Here are seven absurd ways the military wastes our money—and none of them have anything to do with national defense.
1. A whole battalion of generals? The titles “general” or “admiral” sound like they belong to pretty exclusive posts, fit only for the best of the best. This flashy title makes it pretty easy to say, “so what if a few of our military geniuses get the royal treatment—particularly if they are the sole commanders of the most powerful military in human history.” The reality, however, is that there are nearly1,000 generals and admirals in the U.S. armed forces, and each has an entourage that would make a Hollywood star jealous.
According to 2010 Pentagon reports, there are963 generals and admirals in the U.S. armed forces. This number has ballooned by about 100 officers since 9/11 when fighting terror—and polishing the boots of senior military personnel —became Washington’s number-one priority. (In roughly that same time frame, starting in 1998, the Pentagon’s budget also ballooned by more than 50 percent.)
Jack Jacobs, a retired U.S. army colonel and now a military analyst for MSNBC, says the military needs only a third of that number. Many of these generals are “spending time writing plans and defending plans with Congress, and trying to get the money,” he explained. In other words, a large number of these generals are essentially lobbyists for the Pentagon, but they still receive large personal staffs and private jet rides for official paper-pushing military matters.
Dina Rasor, founder of Project on Government Oversight, a watchdog group, explains that this “brass creep” is “fueled by the desire to increase bureaucratic clout or prestige of a particular service, function or region, rather than reflecting the scope and duties of the job itself.”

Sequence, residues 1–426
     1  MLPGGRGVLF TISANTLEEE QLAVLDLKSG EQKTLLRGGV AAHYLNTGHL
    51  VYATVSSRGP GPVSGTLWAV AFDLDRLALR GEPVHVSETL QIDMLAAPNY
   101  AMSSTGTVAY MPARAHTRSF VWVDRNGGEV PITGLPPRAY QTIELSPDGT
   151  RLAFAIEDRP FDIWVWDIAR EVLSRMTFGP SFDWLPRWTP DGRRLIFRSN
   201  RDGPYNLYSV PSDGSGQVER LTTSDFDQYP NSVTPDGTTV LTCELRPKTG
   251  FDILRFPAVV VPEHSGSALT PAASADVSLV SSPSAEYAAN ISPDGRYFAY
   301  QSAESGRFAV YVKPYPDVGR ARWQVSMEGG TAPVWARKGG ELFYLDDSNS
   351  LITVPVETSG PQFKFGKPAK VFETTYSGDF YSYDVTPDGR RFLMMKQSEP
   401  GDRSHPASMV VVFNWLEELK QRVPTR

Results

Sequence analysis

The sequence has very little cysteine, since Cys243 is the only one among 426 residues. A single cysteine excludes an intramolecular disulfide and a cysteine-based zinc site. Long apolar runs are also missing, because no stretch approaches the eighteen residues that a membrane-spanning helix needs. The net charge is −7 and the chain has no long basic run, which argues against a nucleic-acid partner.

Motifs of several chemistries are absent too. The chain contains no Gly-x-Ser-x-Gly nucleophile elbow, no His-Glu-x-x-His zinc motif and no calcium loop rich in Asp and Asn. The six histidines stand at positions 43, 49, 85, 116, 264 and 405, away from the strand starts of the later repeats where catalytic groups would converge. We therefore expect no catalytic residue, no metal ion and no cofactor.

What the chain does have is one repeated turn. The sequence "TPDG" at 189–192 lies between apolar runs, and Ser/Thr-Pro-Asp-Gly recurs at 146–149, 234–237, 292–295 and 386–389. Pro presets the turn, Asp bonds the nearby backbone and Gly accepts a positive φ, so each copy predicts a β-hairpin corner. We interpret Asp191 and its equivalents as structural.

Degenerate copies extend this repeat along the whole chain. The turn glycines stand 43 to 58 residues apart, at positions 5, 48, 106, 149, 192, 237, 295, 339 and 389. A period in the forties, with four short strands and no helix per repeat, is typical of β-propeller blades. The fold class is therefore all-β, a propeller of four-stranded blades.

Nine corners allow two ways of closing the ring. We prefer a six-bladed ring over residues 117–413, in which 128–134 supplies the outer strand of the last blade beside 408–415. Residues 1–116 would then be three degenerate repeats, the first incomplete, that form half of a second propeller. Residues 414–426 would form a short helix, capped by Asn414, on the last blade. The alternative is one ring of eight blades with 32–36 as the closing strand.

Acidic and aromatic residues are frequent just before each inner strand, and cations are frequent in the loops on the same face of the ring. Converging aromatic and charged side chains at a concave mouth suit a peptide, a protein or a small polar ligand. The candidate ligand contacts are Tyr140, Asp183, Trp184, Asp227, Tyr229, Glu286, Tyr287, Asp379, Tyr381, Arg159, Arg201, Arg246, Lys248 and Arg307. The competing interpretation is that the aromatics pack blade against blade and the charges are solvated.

It’s sort of like how Starbucks titles each of its baristas a “partner” but continues to pay them just over minimum wage (and a caramel macchiato per shift).
As Rasor writes, “the three- and four-star ranks have increased twice as fast as one- and two-star general and flag officers, three times as fast as the increase in all officers and almost ten times as fast as the increase in enlisted personnel. If you imagine it visually, the shape of U.S. military personnel has shifted from looking like a pyramid to beginning to look more like a skyscraper.”
But the skyscraper model doesn’t mean that the armed forces are democratizing. In fact, just the opposite; they’re gaming the system to allow more and more officers to deploy the full power of the U.S. military to aid their personal lives—whether their actual work justifies it or not.
2. The generals’ flotillas. Former Defense Secretary Robert Gates appointed Arnold Punaro, a retired major general in the Marines, to head an independent review of the Pentagon’s budget. Here’s the caution he came up with: “We don’t want the Department of Defense to become a benefits agency that occasionally kills a terrorist.”
So, just how good are these benefits? For the top brass, not bad at all. According to a Washington Post investigation, each top commander has his own C-40 jet, complete with beds on board. Many have chefs who deserve their own four-star restaurants. The generals’ personal staff include drivers, security guards, secretaries, and people to shine their shoes and iron their uniforms. When traveling, they can be accompanied by police motorcades that stretch for blocks. When entertaining, string quartets are available at a snap of the fingers.
A New York Times analysis showed that simply the staff provided to top generals and admirals can top $1 million—per general. That’s not even including their own salaries—which are relatively modest due to congressional legislation—and the free housing, which has been described as “palatial.” On Capitol Hill, these cadres of assistants are called the generals’ “flotillas.”
In the case of former Army General David Petraeus, he didn’t want to give up the perks of being a four-star general in the Army, even after he left the armed forces to be director of the CIA. He apparently trained his assistants to pass him water bottles at timed intervals on his now-infamous 6-minute mile runs. He also liked “fresh, sliced pineapple” before going to bed.